6 Replies

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  • Very interesting. The main problem for me with NOACs is that they can't be tested like warfarin, and their effect does vary from person to person.

  • Thank you for posting this. I found this very interesting as one who is considering switching to a NOAC

  • Maybe it was just me but I found that report very vague. I got the impression that this information pertained to US 'off label, community practice' - what does this mean please?

    The figures quoted as higher risk of bleed were in the older age group, which is well known to have to need a different dose as there is a much higher risk of bleeds due to fragile blood vessels from aging. It also indicates that the group included people who were not monitored for renal function? I think everyone in the U.K. is monitored - I know I have monthly tests but for drugs other than anticoagulants - but I used to have 6 monthly bloods for NOACs.

    Whilst it may be of some interest and I believe there are some moves for testing of NOACs - I am somewhat cynical of the reasoning for this - mainly more testing = more money and my understanding is the test would be more complicated and more costly. Somehow I don't think this is going to happen in the UK without significant gold standard research indicating the necessity.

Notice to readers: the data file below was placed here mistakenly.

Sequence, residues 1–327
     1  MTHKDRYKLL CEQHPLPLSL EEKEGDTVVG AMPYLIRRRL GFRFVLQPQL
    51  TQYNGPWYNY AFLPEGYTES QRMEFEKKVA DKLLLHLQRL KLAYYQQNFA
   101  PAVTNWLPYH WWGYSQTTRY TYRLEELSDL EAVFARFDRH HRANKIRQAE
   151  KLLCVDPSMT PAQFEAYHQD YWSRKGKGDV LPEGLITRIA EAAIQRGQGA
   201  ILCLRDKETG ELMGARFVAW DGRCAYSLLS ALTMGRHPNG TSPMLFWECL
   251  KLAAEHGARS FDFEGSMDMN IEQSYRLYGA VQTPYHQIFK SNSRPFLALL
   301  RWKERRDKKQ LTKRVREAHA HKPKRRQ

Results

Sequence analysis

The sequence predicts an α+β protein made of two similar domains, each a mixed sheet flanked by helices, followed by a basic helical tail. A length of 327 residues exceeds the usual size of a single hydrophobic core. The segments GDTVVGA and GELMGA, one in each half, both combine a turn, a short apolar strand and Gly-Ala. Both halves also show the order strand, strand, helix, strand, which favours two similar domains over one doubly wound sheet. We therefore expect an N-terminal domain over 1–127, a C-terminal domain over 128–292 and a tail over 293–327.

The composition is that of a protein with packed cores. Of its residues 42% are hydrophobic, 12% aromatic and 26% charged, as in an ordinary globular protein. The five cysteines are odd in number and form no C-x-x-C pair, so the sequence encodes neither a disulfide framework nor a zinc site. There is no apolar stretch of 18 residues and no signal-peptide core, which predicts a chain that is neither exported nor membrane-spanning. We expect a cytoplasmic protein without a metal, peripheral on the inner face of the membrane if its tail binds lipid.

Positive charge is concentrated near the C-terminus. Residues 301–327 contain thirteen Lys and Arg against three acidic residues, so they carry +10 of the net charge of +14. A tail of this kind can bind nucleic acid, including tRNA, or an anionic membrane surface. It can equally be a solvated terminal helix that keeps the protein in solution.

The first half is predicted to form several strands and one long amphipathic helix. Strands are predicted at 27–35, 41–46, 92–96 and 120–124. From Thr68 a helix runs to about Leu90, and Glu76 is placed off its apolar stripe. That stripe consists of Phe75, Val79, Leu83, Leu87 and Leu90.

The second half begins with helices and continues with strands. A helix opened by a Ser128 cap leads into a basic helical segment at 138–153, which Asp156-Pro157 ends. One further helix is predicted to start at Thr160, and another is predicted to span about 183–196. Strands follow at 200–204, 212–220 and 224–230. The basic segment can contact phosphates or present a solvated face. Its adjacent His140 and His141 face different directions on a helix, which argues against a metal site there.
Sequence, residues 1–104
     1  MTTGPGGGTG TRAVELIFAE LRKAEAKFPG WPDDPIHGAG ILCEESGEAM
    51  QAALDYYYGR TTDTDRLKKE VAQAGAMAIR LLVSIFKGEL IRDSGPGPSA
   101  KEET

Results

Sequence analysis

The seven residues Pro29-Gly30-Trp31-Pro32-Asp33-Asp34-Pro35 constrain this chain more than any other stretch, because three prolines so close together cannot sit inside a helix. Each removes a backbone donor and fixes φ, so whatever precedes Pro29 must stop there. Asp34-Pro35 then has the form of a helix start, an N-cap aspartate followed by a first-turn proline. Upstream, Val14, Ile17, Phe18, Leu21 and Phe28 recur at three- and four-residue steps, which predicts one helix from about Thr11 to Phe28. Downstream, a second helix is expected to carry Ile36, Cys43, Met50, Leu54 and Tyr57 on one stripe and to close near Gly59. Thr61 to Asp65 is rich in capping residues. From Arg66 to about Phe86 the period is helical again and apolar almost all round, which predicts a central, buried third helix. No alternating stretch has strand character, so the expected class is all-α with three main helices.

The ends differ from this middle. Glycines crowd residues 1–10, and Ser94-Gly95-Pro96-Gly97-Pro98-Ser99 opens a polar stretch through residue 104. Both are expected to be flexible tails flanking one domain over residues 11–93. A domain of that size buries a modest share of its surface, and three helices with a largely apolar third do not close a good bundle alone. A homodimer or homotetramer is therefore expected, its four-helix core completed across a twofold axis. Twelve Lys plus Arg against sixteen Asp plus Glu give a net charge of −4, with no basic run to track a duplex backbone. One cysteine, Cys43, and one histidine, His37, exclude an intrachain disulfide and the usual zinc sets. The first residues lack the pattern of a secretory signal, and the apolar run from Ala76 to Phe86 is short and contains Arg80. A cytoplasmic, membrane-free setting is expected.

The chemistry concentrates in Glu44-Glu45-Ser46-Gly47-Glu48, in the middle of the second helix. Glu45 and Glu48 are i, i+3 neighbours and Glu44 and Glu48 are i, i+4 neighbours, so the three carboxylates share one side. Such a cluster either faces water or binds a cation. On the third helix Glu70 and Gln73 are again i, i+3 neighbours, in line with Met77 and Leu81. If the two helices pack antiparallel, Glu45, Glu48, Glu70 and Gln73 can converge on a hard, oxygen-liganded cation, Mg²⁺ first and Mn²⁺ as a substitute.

I wonder who sponsored the research? Maybe will do a little digging.........

  • This just seems to be saying that if guidelines on dosage are not followed, outcomes are bad for the patient- true about any drug I think- and the change in dosage is suspected to be because of other factors- age-kidney function etc- which would affect the health of the patient regardless.

    I have great respect for Mark's way of using Warfarin, having heard him explain this, but am not sure how you estimate that NOACS have a different effect on individuals Mark? Of course, if renal function or liver function is poor, any drug will affect patients differently - hence dosage guidelines- but surely the very large studies on NOACS can give us the effect they have - because of the numbers re reduction in ICH and figures on strokes??

  • This is surely a prime case of stating the bleeding obvious! I am not aware of any UK doctors doing their own thing with doses so I agree with CDreamer here. Bad practice should not be tolerated.

  • Yes, it's a bit confusing. It's clearly a US website, yet in the US they do not describe AF as Atrial Fibrillation, but as afib, (there must be a pun in here somewhere!).

    Also the NOAC's have a shorter life, and also they have been available in the US for many years now. Off - label means not prescribed for that purpose. For example, Lyrica is prescribed as an anti seizure drug, but it can be used off - label for neuropathic pain relief.

    It reads as though someone has edited it, perhaps to make it understandable in British lingo, but forgetting to omit the Yankee Doodle phrases.

    Still, it's always interesting to read different opinions.